Most of the seating in the stadium is aluminum bench-style. Bring $6 with you and rent a stadium seat if you don't own one. You can pick them up as soon as you enter the stadium, carry them to your seat, and when the game is over, leave it there and the staff will pick it up. It's a great investment and a comfortable seat made the game experience much more enjoyable.
Located on the edge of campus, the immediate neighborhood is mostly lecture halls and dorm rooms. You have quite a few fast food options immediately outside the stadium, but if you're looking for some good game day grub before or after the game, you have to go to Fat Patty's on 3rd Avenue, right around the corner from the stadium. It's always crowded, on game days, but it's got great food and atmosphere. Get the Pretzel Patty - you won't be sorry.
If you're looking for post-game entertainment, you can take a short drive down 3rd Avenue to Pullman Square, where you can find a movie theater, shops, and other eating options, such as Uno's Pizza and Five Guys Burgers & Fries. Huntington is a nice town to take a walk around, but other than the campus and Pullman, there wasn't a whole lot that caught my attention.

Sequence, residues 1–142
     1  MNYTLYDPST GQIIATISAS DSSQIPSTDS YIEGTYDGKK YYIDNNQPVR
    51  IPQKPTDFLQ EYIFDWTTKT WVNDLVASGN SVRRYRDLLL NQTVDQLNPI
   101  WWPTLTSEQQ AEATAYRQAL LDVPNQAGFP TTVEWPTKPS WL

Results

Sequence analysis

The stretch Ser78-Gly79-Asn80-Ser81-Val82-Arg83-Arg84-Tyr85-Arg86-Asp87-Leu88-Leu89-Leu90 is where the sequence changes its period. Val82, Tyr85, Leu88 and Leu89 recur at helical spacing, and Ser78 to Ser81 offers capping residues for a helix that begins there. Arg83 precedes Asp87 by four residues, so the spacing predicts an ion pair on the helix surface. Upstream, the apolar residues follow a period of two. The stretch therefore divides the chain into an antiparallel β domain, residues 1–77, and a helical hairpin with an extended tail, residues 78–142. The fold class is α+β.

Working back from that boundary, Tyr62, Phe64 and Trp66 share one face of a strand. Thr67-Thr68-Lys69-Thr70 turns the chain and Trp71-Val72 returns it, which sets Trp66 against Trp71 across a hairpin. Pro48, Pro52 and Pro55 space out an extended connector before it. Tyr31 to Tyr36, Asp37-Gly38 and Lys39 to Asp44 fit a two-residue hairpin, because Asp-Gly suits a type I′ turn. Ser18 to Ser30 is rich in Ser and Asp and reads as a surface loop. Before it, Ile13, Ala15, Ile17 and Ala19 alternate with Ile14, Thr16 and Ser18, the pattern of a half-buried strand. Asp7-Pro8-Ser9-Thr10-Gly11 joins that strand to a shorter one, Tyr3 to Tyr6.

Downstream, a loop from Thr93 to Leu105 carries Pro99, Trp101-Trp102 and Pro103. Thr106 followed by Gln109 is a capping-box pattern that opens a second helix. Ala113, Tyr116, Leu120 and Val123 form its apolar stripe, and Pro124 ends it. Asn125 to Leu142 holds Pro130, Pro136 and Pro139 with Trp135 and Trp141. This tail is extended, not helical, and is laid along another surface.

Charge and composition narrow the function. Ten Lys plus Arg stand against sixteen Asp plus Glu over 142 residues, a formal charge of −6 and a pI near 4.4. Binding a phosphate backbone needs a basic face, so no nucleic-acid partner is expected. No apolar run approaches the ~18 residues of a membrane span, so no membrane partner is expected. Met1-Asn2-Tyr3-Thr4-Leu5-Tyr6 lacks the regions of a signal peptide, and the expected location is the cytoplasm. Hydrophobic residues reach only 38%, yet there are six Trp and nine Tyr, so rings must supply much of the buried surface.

Fans are into the Herd! Not only are they knowledgeable of the game and the players on the field, they are friendly and will talk Marshall football with whoever is around. I didn't know the gentleman sitting next to me at the last game I attended, but we talked throughout the game like we had been watching together for years. Along with the cheer mentioned in the introduction, you've got to know the "Thunderclap". After each score, fans raise their hands above their head and clap once for each point the home team has scored in the game.